4:00 Joker’s Wild
5:00 Make Me Laugh
5:30 Gong Show
That looks right to me, though I would’ve thought they aired earlier in the day. But I have very clear memories of all four of those shows: Joker’s Wild had its awesome giant slot-machine lever that the contestants pulled, Bullseye (probably my least favorite of the bunch), was hosted by the underappreciated Jim Lange, and Make Me Laugh was probably the first time I saw stand-up comedians (I remember being big into Bruce Baum because of his appearances on the show).
But The Gong Show–that was the stuff.
I’m not sure that my eight- or nine-year-old mind was really able to wrap itself around what I was seeing, and looking back, my mother’s constant denouncement of the show that summer, though sad, is completely understandable. I can see how troubling it might be when your young child begin to worship Chuck Barris (a worship that nevertheless did not waver and still continues). But the show was so bizarre and unlike anything that I had seen before that it quickly became my all-time favorite thing. Even more so than wrestling. Yeah, I know. Shocking.
There was so much I liked about the show, but there was one thing that rose above it all, above Jaye P. Morgan, above The Unknown Comic, and even above Chuckie Baby clapping is hands and saying, “We’ll be right back, with more stuff.”
I am talking about Gene Gene the Dancing Machine.
He wasn’t on every show, and, believe me, it was a bit of a drag when the show would come to an end and I realized there would be no Gene Gene. But when Milton DeLugg and his orchestra jumped into that song (“Jumpin’ at the Woodside”) and Chuckie Baby would say, “It’s Gene Gene the Dancing Machine!” there was no place else in the world I would rather have been than in front of that TV. And 30 years later, I still don’t think anything on television has brought me as much joy as Gene Gene dancing to “Jumpin’ at the Woodside.”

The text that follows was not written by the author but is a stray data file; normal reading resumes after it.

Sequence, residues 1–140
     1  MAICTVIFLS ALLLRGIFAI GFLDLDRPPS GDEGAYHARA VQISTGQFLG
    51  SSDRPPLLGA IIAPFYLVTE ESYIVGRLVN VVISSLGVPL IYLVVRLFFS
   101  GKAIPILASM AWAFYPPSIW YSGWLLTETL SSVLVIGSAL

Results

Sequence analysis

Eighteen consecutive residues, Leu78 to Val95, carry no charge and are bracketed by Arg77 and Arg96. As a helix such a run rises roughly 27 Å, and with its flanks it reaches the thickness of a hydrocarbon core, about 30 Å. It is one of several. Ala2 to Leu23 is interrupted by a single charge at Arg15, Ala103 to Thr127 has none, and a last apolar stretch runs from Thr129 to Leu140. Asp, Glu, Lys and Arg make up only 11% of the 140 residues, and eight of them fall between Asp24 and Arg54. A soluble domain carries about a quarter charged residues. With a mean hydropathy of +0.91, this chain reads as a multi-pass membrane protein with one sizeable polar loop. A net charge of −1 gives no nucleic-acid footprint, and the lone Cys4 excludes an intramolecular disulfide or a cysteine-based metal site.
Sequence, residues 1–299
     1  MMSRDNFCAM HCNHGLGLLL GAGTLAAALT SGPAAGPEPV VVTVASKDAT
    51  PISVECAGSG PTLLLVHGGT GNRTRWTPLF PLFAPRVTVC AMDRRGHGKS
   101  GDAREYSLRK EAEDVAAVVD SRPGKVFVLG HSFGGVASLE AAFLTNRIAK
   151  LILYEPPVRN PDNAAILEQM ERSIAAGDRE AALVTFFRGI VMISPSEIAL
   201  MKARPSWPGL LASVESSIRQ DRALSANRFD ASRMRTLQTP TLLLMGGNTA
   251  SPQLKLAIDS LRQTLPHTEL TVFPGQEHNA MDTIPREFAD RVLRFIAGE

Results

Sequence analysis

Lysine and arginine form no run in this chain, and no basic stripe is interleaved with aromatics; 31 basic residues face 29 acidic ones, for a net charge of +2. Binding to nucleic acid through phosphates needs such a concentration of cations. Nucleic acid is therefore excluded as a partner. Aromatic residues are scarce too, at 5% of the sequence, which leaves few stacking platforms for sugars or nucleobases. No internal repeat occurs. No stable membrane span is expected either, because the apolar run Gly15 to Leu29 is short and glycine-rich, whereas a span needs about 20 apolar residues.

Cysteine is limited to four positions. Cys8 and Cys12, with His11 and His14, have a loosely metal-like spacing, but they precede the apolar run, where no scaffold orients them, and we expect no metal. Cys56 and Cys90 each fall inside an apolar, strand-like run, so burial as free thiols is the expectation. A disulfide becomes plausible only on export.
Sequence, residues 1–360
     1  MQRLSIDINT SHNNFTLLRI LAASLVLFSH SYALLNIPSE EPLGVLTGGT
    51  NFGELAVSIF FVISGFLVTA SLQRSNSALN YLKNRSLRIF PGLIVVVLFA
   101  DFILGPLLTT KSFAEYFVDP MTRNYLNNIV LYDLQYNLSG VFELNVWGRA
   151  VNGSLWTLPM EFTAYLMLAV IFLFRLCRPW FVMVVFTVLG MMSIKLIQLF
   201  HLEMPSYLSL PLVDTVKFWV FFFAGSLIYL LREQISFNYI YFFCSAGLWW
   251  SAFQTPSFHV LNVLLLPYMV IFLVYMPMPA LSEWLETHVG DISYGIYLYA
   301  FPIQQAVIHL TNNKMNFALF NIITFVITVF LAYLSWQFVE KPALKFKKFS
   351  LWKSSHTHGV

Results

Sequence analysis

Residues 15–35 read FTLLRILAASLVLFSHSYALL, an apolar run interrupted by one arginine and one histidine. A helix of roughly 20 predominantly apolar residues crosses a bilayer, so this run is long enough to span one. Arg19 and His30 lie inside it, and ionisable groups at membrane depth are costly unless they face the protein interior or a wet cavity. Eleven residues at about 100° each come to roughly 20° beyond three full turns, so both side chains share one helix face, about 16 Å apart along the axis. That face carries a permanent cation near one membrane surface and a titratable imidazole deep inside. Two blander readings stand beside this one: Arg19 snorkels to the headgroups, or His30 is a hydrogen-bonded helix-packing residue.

So, a few hours ago, when I saw that Gene Gene (real name Eugene Patton) died at the age of 82 on Monday, my heart sank. Part of that, of course, was because someone who made me happy so often had left the world (no joke: for years, I’ve done periodic Google checks of Gene Gene to make sure he was still among the living). But it also made me think of my childhood. And that summer. And the smell of the musty carpet in that house. And the TV by the fireplace, playing The Gong Show. And that piano roll, those horns, and Gene Gene shuffling onto the stage. It’s weird to say that you want to go back and relive a day where you watched television. But life’s weird sometimes.
I can still watch Gene Gene clips on YouTube (and on my bootleg Gong Show DVDs). It’s not quite the same, but what hasn’t changed is the thrill I feel when that music starts. I have s spent more than a few hours watching Gene Gene clips and, yes, occasionally dancing along. And the day that Gene Gene’s music hits and I don’t feel a thing is a day I don’t even want to think about (there’s a reason I have an MP3 of a Gene Gene appearance on my “get moving” playlist).
Thank you, Mr. Eugene Patton. The joy you have brought me cannot be quantified. May you rest in peace. Or dance a happy shuffle, if you prefer.